The art room is a magical place where we see all levels of learners together. We often provide a haven for struggling students to shine. Unfortunately, our classroom can also quickly become overwhelming or anxiety-ridden for others. Some students have invisible or hidden disabilities, whereas others have disabilities that are more easily identifiable. Some students spend most of their day in a self-contained classroom with one-on-one aides but fully engage in our art room independently.
When considering ways to modify lessons and adapt the classroom for students with disabilities, it can be tricky to know which supports to provide and when to provide them.
Let’s expand our understanding of accommodations and modifications and take a look at five strategies that will not compromise your curriculum’s rigor.
Accommodations and Modifications
When we look at our diverse learners, we need to consider what accommodations or modifications they may need in our classroom. Under the Individuals with Disabilities in Education Act (IDEA), a student may qualify for a Section 504 Plan or an Individualized Education Plan (IEP) that outlines accommodations or modifications based on specific learning needs. These are put in place by law to level the playing field. Learn more about IEPs with this PRO Pack on Understanding and Implementing IEPs.
Accommodations are put in place to support how a student accesses their education to offset their challenges. Examples of accommodations in your classroom might be extended time on assignments, providing visual step-by-step directions, or wiping down all tools and tables prior to student use. These accommodations do not change what the student is learning but rather how they access the materials or content.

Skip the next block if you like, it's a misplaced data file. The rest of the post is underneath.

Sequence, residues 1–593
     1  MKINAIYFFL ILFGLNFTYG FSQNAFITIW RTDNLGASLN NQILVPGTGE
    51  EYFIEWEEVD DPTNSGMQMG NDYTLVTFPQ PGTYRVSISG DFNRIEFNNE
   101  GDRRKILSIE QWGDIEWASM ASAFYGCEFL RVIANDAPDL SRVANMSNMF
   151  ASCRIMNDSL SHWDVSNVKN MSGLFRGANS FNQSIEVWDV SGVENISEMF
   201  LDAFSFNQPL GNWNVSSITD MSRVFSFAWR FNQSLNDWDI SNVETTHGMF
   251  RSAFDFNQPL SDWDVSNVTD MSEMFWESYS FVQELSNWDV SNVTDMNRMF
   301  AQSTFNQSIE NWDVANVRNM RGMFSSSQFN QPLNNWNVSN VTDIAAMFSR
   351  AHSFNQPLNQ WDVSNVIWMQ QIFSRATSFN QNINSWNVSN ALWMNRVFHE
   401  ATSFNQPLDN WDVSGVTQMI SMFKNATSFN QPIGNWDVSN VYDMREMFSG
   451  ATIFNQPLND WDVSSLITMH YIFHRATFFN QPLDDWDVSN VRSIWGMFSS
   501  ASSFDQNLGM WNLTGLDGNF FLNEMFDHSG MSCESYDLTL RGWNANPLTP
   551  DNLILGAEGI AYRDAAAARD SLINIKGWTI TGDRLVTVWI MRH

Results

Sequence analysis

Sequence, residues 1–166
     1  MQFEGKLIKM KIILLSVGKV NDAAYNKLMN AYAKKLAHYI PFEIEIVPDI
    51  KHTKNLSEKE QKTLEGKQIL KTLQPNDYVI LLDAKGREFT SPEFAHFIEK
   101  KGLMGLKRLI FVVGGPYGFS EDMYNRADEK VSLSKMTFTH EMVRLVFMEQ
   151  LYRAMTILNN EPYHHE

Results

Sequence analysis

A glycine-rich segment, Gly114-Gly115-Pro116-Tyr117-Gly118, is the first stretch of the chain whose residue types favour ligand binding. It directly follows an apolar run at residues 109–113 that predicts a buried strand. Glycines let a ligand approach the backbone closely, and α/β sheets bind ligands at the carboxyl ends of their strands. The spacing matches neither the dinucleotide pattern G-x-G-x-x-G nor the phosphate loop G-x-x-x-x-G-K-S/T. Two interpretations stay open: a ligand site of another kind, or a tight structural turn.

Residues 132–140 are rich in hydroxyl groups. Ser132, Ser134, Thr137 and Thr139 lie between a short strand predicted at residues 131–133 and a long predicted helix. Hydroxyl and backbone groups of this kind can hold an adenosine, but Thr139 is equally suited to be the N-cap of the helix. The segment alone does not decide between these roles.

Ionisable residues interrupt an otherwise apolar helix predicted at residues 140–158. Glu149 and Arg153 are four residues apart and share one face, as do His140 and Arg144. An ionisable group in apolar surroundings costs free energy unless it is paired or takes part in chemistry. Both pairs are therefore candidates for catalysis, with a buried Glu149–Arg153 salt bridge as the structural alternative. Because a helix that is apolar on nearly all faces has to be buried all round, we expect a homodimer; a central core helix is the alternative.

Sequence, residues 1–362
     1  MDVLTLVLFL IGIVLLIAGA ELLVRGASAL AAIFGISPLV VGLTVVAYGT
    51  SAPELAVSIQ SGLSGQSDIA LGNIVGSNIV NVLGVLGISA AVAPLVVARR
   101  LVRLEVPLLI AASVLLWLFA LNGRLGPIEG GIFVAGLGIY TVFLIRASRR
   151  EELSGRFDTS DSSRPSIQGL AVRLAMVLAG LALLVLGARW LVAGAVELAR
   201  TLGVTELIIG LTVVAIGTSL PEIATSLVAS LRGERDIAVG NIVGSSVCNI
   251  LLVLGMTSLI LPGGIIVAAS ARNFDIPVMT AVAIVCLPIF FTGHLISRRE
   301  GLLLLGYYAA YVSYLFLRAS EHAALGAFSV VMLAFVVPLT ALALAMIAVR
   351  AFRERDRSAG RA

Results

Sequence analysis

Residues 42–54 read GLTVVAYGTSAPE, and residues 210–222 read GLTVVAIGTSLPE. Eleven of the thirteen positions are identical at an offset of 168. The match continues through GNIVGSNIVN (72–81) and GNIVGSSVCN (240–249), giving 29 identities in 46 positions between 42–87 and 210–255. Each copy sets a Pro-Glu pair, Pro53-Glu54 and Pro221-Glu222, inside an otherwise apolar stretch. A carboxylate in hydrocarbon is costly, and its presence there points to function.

Modifications come into play when a student cannot access the educational content or materials due to a disability. Examples of modifying your lesson might look like paring down the outcomes or providing alternative materials—modifications impact what a student is expected to learn or produce.
Adaptive Art Strategies
When working with students with disabilities, it is important to address their needs without losing the rigor of your curriculum. Adaptive art strategies are specific ways we can adjust our teaching through the classroom environment and materials. The goal is for all students to demonstrate mastery of concepts and create meaningful artworks.
When planning adaptive strategies, collaborate with your classroom aide or paraprofessional, special education colleagues, the student’s case manager, or other support team members. These colleagues will know the best ways to support your students! Check out this PRO Pack on Collaborating with Paraprofessionals for additional ways to team up with your colleagues.